Society for Creative Anachronism
You may not realize that Richmond and vicinity is actually the Barony of Caer Mear, which translates from Gaelic as the "Castle by the Sea." At least, in the world created by the international Society for Creative Anachronism. The SCA seeks to re-create pre-17th-century European arts and skills. And there are combat competitions, too.
"But I think more people come into it through the arts and sciences than the fighting," says David Warren, a marine- and industrial-coatings consultant. SCA craftspeople undertake calligraphy, jewelry making, and wood and leather work.
The Richmond chapter holds a fight practice every Tuesday evening at Battery Park Christian Church.
Jewels of the Oasis (belly-dance troupe)
Mary Pattillo remembers dancing under the open roof of the Tantilla Ballroom, the city's most popular dance and music venue of the 1930s into the 1960s. Now, somewhat more mature, she is a belly dancer with the Jewels of the Oasis, an organization she joined a year or so after its 1987 formation.
"We do charity work, dancing at nursing homes," Pattillo explains, "put on shows and benefits, and we have raised money for animal shelters and things like that." There are about 15 Jewels, ranging in ages from 35 to Patillo's 87 years.
Pattillo and her late husband took ballroom dancing for 15 years, but when he couldn't dance anymore, she sought something she could do by herself. Belly dancing seemed natural.
"When I went into it, I was 67 — we danced at all the food festivals," she recalls. "I think today Richmond has more call for belly dancers than 20 years ago. It's good fun and exercise, and you meet all kinds of people."
Virginia Adventure Club
The Virginia Adventure Club is for those who feel that living is meant to be an active endeavor — hiking, kayaking, biking, parasailing. Oh, and polar plunging.
Member Bruce Johnson explains that about 17 years ago, after a skydiving session, some members of the club were drinking beers and discussing another type of adventure. Out of this came the Polar Plunge, a February charity event that invites folks to jump into the cold Atlantic Ocean off Virginia Beach to raise funds for the Virginia Special Olympics. In 1993, 34 people took the plunge, and in 2008, 3,500 — raising $850,000. "Eventually it got so big that our club couldn't organize it," Johnson says, "so now it's a thing of its own."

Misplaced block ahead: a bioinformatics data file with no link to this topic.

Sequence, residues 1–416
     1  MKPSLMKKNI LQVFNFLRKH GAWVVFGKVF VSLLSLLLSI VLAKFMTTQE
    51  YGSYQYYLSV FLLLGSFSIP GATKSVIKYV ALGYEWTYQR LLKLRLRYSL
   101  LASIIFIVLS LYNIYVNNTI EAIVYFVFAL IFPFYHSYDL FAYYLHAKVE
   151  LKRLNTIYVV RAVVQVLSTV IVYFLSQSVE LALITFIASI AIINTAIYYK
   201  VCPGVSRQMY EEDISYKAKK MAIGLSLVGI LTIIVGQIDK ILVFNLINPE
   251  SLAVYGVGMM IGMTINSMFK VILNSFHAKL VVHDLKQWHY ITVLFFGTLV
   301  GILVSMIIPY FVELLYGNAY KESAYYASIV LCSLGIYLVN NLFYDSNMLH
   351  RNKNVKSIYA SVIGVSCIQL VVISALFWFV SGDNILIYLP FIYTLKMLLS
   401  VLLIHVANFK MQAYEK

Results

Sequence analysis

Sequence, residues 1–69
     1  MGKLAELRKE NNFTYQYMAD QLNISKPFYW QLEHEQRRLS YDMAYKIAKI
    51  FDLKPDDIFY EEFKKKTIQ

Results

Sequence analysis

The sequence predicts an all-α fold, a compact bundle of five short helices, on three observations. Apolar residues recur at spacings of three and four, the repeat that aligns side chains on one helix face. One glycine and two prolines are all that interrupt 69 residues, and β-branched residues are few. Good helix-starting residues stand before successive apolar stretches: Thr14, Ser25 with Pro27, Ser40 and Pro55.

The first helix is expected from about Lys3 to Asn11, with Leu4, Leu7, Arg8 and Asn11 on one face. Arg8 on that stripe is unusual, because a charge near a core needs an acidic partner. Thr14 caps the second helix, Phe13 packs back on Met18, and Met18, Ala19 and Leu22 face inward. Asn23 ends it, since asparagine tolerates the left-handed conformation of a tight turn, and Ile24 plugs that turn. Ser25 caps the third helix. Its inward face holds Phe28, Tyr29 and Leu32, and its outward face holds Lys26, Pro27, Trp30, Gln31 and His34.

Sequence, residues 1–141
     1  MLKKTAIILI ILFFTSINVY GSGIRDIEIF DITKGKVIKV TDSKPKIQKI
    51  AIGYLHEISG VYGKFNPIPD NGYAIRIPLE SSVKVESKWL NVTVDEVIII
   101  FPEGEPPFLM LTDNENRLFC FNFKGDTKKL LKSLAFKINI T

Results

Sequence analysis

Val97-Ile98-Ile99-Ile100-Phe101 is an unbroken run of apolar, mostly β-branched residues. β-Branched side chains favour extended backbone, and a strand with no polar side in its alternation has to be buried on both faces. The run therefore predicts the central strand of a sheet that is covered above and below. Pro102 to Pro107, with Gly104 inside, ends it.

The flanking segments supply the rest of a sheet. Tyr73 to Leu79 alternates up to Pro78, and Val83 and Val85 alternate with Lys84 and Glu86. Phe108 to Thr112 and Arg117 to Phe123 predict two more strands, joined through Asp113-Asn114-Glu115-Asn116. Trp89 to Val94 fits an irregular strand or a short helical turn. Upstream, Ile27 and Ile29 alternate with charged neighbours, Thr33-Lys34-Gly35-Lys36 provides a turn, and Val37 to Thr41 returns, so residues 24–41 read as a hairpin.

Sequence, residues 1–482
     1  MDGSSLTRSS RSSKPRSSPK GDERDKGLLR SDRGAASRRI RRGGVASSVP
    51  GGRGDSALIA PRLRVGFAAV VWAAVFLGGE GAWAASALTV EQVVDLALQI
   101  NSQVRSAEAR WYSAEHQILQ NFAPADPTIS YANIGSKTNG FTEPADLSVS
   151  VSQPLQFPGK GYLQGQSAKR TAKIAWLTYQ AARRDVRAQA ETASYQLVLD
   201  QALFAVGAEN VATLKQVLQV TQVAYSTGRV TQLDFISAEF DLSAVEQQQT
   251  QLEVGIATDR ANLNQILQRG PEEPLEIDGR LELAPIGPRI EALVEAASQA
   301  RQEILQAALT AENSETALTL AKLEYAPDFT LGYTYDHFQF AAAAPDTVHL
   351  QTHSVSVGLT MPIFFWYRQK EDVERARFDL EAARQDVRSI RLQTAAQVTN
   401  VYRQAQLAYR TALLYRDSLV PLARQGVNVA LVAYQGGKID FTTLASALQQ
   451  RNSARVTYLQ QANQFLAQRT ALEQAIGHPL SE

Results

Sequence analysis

Johnson, a Richmonder since 1979, joined the club about five years ago because he was looking for a group for scuba diving. "I came across the Adventure Club, and they do everything."
The Ninety-Nines — The International Organization of Women Pilots, Virginia Chapter
Betty Vinson became interested in flying as a teenager, but life intervened. In 1990, however, with her children raised and on their own, she spread her wings.
"The group is essentially a sorority for women pilots," she says. "Our chapter, which has about 23 people, is part of an international group with about 5,500 members." The group's name comes from the number of pilots who attended the international club's inaugural Long Island, N.Y., meeting in 1920. The group's first president was Amelia Earhart.
Some of the women own their planes, while others rent. Vinson pilots a Cessna 172.
One of the largest events in which the Ninety-Nines took part was a "Toy Airlift" for youngsters in Franklin, Va., which flooded in 1999 in the aftermath of Hurricane Floyd.
"Kids won't understand that Santa is supposed to bring toys no matter what," Vinson says. "I came up with the idea for pilots to gather up toys, and I arranged for a Salvation Army truck to pick them up. We had close to 300 toys collected from friends, neighbors and co-workers. I flew two planeloads myself. Great fun."
Richmond Bonsai Society
Daniel Kalman, 87 (pictured), got interested in the art of bonsai during World War II while on a mapmaking expedition on the island of Okinawa. He was a member of the Marine Seabees, a group of combat engineers.
"When we started bombing, the villagers ran to the hills," the Richmond native explains, "and they took their prized possessions, and bonsai was one of them."
Bonsai can often be decades, even centuries, old and are passed from one generation to the next. They require care, "like pets," he says. "They have to be pruned, shaped and styled and repotted."
Kalman, who now tends to some 100 bonsai, joined the society in the early 1990s, though the group started in 1970 as an offshoot from a Bon Air garden club. These days the bonsai group has about 35 members.